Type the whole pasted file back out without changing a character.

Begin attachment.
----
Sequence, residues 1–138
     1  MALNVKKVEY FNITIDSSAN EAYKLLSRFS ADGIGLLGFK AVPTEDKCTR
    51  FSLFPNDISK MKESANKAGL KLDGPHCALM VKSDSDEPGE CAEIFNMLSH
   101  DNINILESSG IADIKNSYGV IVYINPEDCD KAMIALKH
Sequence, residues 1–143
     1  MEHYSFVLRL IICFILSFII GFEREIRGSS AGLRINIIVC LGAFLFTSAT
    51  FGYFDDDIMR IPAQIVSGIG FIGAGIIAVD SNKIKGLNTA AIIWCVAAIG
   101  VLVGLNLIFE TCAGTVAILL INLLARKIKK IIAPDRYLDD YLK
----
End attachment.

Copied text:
Sequence, residues 1–138
     1  MALNVKKVEY FNITIDSSAN EAYKLLSRFS ADGIGLLGFK AVPTEDKCTR
    51  FSLFPNDISK MKESANKAGL KLDGPHCALM VKSDSDEPGE CAEIFNMLSH
   101  DNINILESSG IADIKNSYGV IVYINPEDCD KAMIALKH
Sequence, residues 1–143
     1  MEHYSFVLRL IICFILSFII GFEREIRGSS AGLRINIIVC LGAFLFTSAT
    51  FGYFDDDIMR IPAQIVSGIG FIGAGIIAVD SNKIKGLNTA AIIWCVAAIG
   101  VLVGLNLIFE TCAGTVAILL INLLARKIKK IIAPDRYLDD YLK